We need to be thinking the unthinkable because our system has gone dud. One in nine Scots were working for the banks before the crash and our public sector economy is 70% in some places. 75% of all jobs round here created over the last 10 years are public sector (NW). The scrote who lived, harassed, drugged and violenced next door cost £15K a year in benefits and another £30K in agency visits, prison and other administrative costs, much going to barristers and into public sector workers’pockets. They have been re[placed by excellent Bulgarians, but continue elsewhere. We should be asking whether the more than seven years of failure to sort them out and admit all the agencies are without a clue is itself criminal. Maybe the bloated public sector and rich barrister types are the real thieves, claiming money by deception as surely as MPs creaming expenses? The scrote, for all their nuisance and violence, still remain poor. This is not true of the army that feeds off them.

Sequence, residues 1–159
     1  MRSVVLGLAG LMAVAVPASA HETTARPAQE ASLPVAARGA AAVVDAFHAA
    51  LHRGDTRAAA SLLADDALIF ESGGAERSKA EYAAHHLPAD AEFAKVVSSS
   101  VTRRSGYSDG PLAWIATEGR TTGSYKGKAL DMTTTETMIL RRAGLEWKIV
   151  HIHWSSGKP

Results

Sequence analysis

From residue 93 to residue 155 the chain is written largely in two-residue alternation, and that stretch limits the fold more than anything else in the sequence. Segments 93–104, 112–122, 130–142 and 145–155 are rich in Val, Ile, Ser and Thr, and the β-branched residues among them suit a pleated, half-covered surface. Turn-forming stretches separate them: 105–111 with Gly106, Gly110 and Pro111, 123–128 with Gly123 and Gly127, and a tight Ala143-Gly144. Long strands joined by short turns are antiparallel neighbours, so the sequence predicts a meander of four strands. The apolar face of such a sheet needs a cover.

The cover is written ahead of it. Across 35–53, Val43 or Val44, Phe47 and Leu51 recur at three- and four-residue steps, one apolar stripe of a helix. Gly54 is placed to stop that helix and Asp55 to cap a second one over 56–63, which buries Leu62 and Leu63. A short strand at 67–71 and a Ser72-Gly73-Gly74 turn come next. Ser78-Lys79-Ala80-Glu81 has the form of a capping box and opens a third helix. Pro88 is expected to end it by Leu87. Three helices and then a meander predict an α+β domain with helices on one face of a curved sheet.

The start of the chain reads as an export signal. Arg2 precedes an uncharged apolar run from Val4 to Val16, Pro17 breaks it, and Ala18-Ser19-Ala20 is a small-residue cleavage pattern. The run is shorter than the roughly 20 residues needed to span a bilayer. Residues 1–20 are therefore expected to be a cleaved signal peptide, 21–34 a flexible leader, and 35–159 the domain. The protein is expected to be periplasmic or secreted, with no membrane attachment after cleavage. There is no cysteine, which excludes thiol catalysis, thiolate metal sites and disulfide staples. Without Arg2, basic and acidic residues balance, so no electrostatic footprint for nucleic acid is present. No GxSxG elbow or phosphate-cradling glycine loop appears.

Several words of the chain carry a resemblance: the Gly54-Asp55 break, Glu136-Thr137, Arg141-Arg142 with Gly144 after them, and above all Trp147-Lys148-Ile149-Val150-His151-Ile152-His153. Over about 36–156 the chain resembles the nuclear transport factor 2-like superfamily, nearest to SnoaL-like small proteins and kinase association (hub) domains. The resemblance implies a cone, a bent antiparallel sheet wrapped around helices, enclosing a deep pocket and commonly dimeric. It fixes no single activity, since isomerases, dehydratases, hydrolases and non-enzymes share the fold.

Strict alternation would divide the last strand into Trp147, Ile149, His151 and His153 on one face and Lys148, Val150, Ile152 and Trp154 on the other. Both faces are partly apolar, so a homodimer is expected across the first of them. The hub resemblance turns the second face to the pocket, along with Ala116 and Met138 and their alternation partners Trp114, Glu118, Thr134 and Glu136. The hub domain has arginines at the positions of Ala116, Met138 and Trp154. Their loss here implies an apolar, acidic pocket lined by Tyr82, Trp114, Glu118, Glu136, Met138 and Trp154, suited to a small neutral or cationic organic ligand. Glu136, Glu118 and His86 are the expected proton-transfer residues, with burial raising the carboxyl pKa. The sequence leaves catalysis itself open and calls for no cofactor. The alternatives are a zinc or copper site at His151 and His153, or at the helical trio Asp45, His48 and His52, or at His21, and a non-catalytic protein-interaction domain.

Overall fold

I say all this under the strenuous working conditions of watch Switzerland beat Spain, unless there’s a last minute development. Life is hard and then you die!